At the time of the American Founding, most people were agreed that the English Constitution was unquestionably an example of what Hamilton described as “good government” in the first Federalist. Its constitution had carefully balanced and separated powers, and it could rightly claim the honor of being the first to recognize a “bill of rights” that protected the people against arbitrary power. Political philosophers throughout the 17th and 18th centuries generally celebrated the British Constitution for protecting the individual rights of every class of citizen better than any other government in the world.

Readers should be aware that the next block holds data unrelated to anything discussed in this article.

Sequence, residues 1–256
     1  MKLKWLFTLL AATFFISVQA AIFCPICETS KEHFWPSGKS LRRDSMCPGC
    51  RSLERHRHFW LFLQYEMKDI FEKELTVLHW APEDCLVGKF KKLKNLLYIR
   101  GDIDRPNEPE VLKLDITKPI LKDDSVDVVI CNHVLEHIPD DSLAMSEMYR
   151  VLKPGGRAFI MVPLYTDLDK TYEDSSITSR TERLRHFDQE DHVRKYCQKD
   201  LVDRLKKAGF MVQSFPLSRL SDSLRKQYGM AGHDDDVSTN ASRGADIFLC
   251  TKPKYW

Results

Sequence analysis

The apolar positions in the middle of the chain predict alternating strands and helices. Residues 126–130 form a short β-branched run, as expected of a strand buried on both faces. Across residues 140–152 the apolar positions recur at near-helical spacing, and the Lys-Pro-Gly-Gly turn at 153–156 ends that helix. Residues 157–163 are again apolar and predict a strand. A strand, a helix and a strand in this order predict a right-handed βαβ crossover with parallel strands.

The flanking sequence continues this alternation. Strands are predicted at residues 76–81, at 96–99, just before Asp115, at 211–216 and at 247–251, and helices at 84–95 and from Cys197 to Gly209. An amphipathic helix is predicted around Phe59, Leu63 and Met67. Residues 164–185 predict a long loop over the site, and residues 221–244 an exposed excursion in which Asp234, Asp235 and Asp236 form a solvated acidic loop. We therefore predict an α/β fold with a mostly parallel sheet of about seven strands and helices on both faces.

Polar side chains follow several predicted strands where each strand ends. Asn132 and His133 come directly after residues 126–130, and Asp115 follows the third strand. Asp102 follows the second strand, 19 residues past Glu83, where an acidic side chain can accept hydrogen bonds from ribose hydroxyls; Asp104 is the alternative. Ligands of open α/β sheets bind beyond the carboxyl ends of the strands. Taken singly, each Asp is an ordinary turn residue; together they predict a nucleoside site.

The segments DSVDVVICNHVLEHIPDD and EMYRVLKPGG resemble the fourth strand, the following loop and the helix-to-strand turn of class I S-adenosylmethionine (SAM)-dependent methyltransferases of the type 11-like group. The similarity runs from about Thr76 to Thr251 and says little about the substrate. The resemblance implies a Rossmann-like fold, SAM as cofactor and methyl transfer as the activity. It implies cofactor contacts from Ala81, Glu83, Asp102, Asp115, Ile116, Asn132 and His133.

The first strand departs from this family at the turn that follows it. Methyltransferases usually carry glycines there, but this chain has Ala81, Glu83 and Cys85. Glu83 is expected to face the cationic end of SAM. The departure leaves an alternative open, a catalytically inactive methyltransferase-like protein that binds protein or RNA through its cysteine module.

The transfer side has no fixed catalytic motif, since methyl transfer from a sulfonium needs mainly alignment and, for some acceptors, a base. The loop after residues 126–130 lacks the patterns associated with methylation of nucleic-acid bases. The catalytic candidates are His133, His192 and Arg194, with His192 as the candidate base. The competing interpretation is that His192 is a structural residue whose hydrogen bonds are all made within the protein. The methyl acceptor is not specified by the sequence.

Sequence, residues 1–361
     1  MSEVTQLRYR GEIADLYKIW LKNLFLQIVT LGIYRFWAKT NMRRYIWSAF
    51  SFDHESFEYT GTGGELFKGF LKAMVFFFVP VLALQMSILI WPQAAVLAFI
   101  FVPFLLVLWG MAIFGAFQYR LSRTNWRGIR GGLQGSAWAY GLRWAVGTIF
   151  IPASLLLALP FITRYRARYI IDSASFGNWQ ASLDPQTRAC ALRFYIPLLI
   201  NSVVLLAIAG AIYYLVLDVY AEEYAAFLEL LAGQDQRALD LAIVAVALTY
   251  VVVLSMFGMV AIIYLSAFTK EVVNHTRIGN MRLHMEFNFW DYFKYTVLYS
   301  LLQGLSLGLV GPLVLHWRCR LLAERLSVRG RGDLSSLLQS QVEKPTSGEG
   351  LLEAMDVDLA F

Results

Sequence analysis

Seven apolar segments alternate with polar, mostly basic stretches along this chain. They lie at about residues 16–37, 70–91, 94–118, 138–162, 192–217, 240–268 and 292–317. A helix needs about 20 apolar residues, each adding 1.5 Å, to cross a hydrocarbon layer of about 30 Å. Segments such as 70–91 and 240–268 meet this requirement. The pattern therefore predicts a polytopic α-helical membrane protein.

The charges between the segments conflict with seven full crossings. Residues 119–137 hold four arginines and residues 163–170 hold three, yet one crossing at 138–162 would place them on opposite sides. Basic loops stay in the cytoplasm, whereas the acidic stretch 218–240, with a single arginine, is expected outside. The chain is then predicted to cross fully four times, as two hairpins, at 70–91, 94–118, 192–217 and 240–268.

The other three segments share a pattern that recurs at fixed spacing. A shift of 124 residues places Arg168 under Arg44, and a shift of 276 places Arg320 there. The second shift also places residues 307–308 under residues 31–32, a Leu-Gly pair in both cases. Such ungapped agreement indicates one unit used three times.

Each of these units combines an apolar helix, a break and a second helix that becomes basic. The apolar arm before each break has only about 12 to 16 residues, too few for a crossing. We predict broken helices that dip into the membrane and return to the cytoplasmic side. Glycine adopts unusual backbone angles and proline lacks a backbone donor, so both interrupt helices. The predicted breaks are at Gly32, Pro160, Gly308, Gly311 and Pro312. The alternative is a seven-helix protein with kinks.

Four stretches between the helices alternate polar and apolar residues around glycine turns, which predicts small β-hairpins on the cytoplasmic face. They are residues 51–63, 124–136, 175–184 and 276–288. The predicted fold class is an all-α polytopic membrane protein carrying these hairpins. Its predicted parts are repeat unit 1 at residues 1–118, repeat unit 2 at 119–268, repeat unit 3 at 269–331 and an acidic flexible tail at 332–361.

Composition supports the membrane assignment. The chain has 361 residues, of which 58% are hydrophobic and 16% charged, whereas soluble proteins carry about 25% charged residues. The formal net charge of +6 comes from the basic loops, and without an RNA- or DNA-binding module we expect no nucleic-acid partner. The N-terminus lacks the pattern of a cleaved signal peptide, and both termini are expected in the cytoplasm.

Nonetheless, to the outside observer, the accumulation of rights in the English system of government must have seemed like a process that was partly organic and partly a matter of happenstance – like the accretion of so many barnacles encrusting the ship of state over the years. The foundations and original reasons for many of England’s common law rights had been lost in the mists of time. And some of its most esteemed charters of rights, such as Magna Carta, had literally been wrested from the King by force. The American development of the Bill of Rights, by contrast, was meant to be a process of “deliberation and choice.” During the framing and ratifying periods, Americans deliberately selected the most cherished rights from the British tradition, but they would often provide their own rationales for these rights, incorporate them into their own unique institutions, and adapt them to their own situations.